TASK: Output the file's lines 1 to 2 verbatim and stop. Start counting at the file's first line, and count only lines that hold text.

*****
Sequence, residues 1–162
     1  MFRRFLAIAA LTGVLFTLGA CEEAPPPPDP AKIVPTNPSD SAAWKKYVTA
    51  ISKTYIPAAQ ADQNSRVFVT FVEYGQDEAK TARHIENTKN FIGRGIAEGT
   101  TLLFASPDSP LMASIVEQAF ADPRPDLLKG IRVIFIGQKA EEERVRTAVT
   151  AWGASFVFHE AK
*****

Sequence, residues 1–162
     1  MFRRFLAIAA LTGVLFTLGA CEEAPPPPDP AKIVPTNPSD SAAWKKYVTA